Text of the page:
Local tavern owners have sued the county over a new 20-foot ban on smoking or vaping outside of businesses, saying the board issued the rule in a “soft totalitarian” manner designed to suppress public participation.
The lawsuit, filed by the Yellowstone County Tavern Association, says the city-county health board forced the new rule’s passage in December without scientific proof for its need, and without proper regard for opposition to the measure.
The suit was filed on Feb. 16 in Yellowstone County District Court. It names the Yellowstone City-County Board of Health, the city of Billings and Yellowstone County. It asks the court to void the new smoking rule.
The Board of Health "slipped through (the ordinance) in a manner that deliberately minimized the public participation," the lawsuit reads.
The tavern owners also say there is little public support for the measure and that the board had received more public testimony in opposition to the measure than in support.
The smoking rule "enjoyed literally no legitimate public support before its passage,” the lawsuit reads.
Hopefully, we all do our best to be healthy. If we eat our fruits and vegetables, exercise regularly, drink plenty of water and avoid harmful …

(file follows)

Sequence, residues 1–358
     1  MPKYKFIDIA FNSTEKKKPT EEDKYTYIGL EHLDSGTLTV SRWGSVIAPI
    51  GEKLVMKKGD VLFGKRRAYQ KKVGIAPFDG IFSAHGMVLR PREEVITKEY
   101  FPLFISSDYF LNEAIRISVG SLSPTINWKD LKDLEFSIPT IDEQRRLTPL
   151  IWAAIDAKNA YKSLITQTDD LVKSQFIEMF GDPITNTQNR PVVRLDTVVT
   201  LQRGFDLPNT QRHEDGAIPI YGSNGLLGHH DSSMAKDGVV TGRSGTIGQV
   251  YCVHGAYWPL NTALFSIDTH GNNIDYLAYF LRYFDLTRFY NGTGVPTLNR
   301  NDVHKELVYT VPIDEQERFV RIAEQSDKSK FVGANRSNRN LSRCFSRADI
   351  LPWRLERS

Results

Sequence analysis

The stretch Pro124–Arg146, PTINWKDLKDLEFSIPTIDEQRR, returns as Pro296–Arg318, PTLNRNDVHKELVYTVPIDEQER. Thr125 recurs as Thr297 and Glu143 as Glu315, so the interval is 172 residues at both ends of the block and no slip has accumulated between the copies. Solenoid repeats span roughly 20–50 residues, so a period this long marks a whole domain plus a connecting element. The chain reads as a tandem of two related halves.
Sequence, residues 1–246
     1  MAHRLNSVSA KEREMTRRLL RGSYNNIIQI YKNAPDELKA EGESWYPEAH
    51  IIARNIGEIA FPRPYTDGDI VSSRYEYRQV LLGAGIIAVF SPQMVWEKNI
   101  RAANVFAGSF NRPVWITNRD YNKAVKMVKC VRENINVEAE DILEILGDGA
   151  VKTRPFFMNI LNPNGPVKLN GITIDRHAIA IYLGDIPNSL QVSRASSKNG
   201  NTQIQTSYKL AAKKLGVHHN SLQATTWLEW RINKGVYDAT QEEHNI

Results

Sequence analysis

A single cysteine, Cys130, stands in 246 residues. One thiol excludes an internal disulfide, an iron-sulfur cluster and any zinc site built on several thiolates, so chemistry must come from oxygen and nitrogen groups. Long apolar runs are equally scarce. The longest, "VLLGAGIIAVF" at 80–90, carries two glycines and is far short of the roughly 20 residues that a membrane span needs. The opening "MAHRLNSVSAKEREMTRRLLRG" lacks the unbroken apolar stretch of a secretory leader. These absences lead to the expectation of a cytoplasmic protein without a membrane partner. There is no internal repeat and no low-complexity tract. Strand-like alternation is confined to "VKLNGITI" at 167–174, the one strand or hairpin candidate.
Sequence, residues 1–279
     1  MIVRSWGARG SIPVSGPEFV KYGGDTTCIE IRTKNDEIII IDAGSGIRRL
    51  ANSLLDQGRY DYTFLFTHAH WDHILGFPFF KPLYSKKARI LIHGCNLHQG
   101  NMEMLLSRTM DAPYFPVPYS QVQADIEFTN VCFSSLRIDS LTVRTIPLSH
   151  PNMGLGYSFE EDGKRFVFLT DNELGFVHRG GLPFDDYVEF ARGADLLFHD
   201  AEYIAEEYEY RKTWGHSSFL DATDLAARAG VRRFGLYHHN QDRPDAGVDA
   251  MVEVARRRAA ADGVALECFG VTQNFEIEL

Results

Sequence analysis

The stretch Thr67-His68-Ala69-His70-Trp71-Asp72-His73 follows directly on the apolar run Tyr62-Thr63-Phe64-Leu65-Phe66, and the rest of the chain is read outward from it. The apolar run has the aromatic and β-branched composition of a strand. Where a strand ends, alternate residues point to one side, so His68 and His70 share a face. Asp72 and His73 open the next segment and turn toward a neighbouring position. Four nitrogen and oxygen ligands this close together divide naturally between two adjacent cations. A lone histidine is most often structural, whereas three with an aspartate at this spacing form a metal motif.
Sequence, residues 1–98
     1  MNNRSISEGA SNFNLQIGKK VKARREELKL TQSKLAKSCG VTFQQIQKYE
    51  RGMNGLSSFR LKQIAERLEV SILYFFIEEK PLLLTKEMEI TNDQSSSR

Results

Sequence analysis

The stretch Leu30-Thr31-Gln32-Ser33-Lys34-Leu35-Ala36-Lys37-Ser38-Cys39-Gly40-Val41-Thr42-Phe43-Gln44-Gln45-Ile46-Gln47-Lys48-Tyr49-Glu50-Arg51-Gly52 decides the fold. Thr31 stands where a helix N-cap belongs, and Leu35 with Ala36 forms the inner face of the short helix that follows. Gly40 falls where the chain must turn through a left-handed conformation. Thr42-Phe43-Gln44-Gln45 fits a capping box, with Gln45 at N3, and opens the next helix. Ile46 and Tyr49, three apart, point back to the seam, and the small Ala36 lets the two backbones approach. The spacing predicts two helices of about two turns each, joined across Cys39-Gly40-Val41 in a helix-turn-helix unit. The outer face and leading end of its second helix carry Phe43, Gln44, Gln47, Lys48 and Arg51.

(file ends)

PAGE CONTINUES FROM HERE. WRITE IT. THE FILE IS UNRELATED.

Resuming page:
The rule, which took effect March 1, bans indoor vaping and requires a 20-foot buffer between people smoking or using e-cigarettes and a public building’s entryway, windows or ventilation system.
The state’s public buildings have been smoke-free since 2009, under the Montana Indoor Clean Air Act passed four years earlier. The new Yellowstone County rule extends the indoor smoking ban to e-cigarettes and adds on the 20-foot rule to create a non-smoking buffer around public buildings.
The rule means restaurants and bars will no longer be able to let people smoke on outdoor patios, provided those patios are within 20 feet of the entrance, window or ventilation system.
Tavern owners say that while the health board technically complied with public meetings laws, setting the hearing at 7 a.m. was “so obviously designed to suppress public participation” that it constitutes a violation of the public’s right to participate in government, as guaranteed in the state Constitution.
Come March 1, e-cigarettes will no longer be allowed inside public and commercial buildings in Yellowstone County.
But the health board had been discussing the issue as far back as June. In a meeting held at 5 p.m. on June 21, 2017, eight people spoke in support of the proposed rule and 10 spoke in opposition.
The meeting was held in the evening in order to accommodate more people, said John Felton, CEO of RiverStone Health.
The December board meeting was held at 7 a.m., Felton said, because the board has met at that time, on the fourth Thursday of the month, since it convened in 1998, Felton said.
The lawsuit also claims that the rule failed an initial vote by the health board, but Felton said there was only one vote on the measure. It passed 7-3.
Felton said that in a public notice for the December meeting, county officials note that a final vote on the rule was expected, Felton said.